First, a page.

A tight rein on reading
The title of this book has a pretty harsh ring - it calls up the image of pupils barking obediently at their phonic readers under the eagle eye of a latter-day Gradgrind. But don't worry - it's all a front, perhaps a marketing ploy. The contents turn out to be much softer - indeed, sometimes to the point of squishiness.
The softening process starts in the introduction, where the editors explain that "control in any area springs from a secure understanding of processes and enabling practices; control in teaching reading is no different".
There follows a short chapter on the history of reading-teaching and the controversies surrounding it. Subsequent chapters attempt to ensure control by describing current teaching practices under four broad headings - Resources, Reading Routines, Monitoring and Assessment and Meeting Individual Needs.
The Resources chapter covers the part played in teaching reading by many types of book (big, core, series, homemade, scheme, bi-lingual). Descriptions of classroom practice and anecdotes about teaching and children enliven the text, and there are some useful checklists and teaching suggestions. Apart from a section on environmental print, though, the chapter is skimpy on non-book text, with a mere two pages' coverage of new media such as television, video, CD-Rom, the Internet, tape recorders and listening centres.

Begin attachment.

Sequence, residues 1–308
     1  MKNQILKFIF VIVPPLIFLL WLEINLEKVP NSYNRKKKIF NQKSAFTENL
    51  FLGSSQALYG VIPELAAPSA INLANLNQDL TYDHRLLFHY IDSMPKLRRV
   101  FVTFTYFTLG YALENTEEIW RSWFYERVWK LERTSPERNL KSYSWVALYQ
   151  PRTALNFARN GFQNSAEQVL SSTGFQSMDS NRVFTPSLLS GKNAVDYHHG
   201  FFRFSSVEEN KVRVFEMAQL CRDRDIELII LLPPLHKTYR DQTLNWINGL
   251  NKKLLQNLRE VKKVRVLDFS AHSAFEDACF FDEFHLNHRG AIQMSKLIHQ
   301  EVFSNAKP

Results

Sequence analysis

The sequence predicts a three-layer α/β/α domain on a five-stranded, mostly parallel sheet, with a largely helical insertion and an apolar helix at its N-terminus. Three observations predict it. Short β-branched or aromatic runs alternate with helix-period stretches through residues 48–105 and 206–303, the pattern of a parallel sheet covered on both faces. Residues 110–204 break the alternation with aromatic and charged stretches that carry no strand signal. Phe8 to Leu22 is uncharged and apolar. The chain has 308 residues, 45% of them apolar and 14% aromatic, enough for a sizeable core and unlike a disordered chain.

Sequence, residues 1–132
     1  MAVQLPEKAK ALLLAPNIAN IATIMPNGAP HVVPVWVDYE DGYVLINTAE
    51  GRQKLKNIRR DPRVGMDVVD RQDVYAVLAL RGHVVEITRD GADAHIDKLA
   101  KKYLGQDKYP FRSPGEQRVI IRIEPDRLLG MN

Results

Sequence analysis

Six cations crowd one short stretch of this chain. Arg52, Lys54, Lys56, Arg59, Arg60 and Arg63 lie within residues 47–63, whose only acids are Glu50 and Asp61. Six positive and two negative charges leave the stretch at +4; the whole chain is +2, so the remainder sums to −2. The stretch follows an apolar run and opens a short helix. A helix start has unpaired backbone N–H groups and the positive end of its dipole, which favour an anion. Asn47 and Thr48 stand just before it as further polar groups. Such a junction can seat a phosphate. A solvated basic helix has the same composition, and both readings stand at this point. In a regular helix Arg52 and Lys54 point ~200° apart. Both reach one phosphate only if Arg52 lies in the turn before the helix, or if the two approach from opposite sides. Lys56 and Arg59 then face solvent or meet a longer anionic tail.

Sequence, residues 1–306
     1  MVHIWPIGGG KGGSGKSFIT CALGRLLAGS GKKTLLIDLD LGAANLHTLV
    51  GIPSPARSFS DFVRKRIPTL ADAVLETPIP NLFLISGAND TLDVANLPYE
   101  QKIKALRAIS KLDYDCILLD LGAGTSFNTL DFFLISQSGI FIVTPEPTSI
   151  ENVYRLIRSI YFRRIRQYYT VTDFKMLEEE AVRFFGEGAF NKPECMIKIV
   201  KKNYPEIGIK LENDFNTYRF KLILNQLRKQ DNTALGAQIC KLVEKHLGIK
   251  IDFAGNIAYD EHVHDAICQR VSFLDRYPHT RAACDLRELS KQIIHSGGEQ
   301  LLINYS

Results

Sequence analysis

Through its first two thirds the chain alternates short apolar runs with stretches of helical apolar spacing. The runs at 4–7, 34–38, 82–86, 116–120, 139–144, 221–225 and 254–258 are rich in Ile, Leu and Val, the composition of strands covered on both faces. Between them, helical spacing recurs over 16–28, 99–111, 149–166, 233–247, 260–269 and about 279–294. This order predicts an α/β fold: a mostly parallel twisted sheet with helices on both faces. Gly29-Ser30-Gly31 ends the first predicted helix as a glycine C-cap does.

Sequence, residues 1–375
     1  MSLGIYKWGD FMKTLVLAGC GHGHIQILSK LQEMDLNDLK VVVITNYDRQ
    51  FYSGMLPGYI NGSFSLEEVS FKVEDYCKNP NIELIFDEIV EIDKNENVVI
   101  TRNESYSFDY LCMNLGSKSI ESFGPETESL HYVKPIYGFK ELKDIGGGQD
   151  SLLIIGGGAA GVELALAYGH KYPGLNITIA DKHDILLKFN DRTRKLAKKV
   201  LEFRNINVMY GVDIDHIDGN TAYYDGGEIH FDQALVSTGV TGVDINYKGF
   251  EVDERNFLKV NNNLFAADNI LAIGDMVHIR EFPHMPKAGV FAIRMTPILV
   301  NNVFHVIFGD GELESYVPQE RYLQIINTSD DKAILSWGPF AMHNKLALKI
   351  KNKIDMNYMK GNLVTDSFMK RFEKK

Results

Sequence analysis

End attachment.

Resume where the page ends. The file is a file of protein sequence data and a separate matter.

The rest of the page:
The Reading Routines chapter varies from very useful to positively misleading. It is at its best when the authors diverge from the essentially descriptive ethos of the book and become prescriptive. The structured teaching suggestions for working with a reading group, for instance, will be welcome in the present climate to students and practising teachers.
It is at its worst in the section on phonics, where systematic teaching about the phonemes of English is discounted as "bewildering" to many children, and onset and rime offered as a panacea for teaching. These are serious weaknesses. Non-structured "incidental" approaches to teaching phonics have proved inadequate in recent years and, without a firm understanding of old phonics, teachers' use of new phonics techniques such as onset and rime is seriously undermined. The authors have missed an opportunity to help students gain real control, by providing concise, accurate information about the sound system of English, and a range of teaching suggestions for systematic coverage within a balanced approach to reading.
In the final chapters they return to firmer ground, with advice on assessment techniques (such as informal reading inventories) and how to develop individual children's strategies for reading. But even here, to have reading really under control, most teachers would like to know what to do with the rest of the class while they assess andor meet these individual needs. The question is briefly mentioned, then - as all too often in books or lectures about teaching reading - carefully sidestepped.
If I were a new recruit to the profession, would reading this book leave me feeling I had reading under control? Sadly, no. Much of the "soft" stuff seems woolly, and the hard stuff is often avoided or ignored. So, with a chief inspector apparently intent on turning back the clock, and the Daily Mail breathing down my neck, what am I do? Maybe it's safest just to sit the children in rows and supervise a bit of barking at print? Oh dear.